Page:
• Let your child cry for up to 20 minutes. Go back and start the cycle over as often as needed until your baby falls asleep. If you are consistent with this, it gives your baby a chance to learn ways of self-comforting (finger sucking, staring at hands, etc.).

Support for Parents

  • Don’t take the crying personally. Your baby is not mad at you! You are not doing anything wrong.

  • Take a break. Caring for a baby with colic is very hard work. Find a caring babysitter, family member, or friend who can give you or your partner at least an hour a day for yourselves outside the home.

  • Join a parent support group. This can help to talk with other parents having similar problems.

Follow-up care

Follow up with your child’s healthcare provider, or as directed.

When to seek medical advice

Unless your baby’s healthcare provider advises otherwise, call the provider right away if:

  • Your babyhas a fever (see Fever and children, below)

Also call the provider right away if:

  • Your baby has an unusual change in crying pattern or behavior.

  • Your baby is having trouble feeding, refuses to eat, or stops gaining weight.

  • Your baby has vomiting that won’t stop.

  • Your baby has ongoing diarrhea or constipation.

  • Your baby has blood in the stool or vomit (black or red color).

  • You think your baby has stomach pain. (For instance, your baby may keep drawing the legs up to the chest while crying.)

  • You feel you are losing your temper and are afraid you might harm your baby. Never shake your baby. Shaking will not stop the crying. It can cause blindness, brain damage, and even death.

Fever and children

Always use a digital thermometer to check your child’s temperature. Never use a mercury thermometer.

For infants and toddlers, be sure to use a rectal thermometer correctly. A rectal thermometer may accidentally poke a hole in (perforate) the rectum. It may also pass on germs from the stool. Always follow the product maker’s directions for proper use. If you don’t feel comfortable taking a rectal temperature, use another method. When you talk to your child’s healthcare provider, tell him or her which method you used to take your child’s temperature.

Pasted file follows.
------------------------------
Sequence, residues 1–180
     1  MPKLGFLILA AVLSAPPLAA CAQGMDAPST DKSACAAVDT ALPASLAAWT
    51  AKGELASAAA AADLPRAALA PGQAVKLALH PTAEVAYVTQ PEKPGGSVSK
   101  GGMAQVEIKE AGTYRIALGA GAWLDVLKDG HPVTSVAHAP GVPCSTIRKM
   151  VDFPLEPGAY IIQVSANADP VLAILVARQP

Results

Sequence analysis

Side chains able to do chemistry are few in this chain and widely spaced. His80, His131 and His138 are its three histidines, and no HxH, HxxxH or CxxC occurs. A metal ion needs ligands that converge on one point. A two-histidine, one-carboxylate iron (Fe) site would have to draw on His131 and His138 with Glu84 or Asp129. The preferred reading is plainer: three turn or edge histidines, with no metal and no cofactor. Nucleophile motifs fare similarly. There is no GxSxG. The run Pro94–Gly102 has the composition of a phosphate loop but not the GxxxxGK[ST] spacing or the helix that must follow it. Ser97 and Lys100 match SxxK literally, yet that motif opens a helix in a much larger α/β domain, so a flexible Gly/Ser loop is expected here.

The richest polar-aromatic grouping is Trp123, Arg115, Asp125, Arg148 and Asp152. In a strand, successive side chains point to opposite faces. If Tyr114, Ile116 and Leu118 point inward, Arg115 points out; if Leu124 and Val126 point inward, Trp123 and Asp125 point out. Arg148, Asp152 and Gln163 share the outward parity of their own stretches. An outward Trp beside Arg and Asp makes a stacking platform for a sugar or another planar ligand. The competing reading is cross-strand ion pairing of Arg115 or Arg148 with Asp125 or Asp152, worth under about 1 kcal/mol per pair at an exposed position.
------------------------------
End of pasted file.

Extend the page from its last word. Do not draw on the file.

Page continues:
Here are guidelines for fever temperature. Ear temperatures aren’t accurate before 6 months of age. Don’t take an oral temperature until your child is at least 4 years old.

Infant under 3 months old:

  • Ask your child’s healthcare provider how you should take the temperature.

  • Rectal or forehead (temporal artery) temperature of 100.4°F (38°C) or higher, or as directed by the provider

  • Armpit temperature of 99°F (37.2°C) or higher, or as directed by the provider

Child age 3 to 36 months:

  • Rectal, forehead, or ear temperature of 102°F (38.9°C) or higher, or as directed by the provider

  • Armpit (axillary) temperature of 101°F (38.3°C) or higher, or as directed by the provider

Child of any age:

  • Repeated temperature of 104°F (40°C) or higher, or as directed by the provider

  • Fever that lasts more than 24 hours in a child under 2 years old. Or a fever that lasts for 3 days in a child 2 years or older.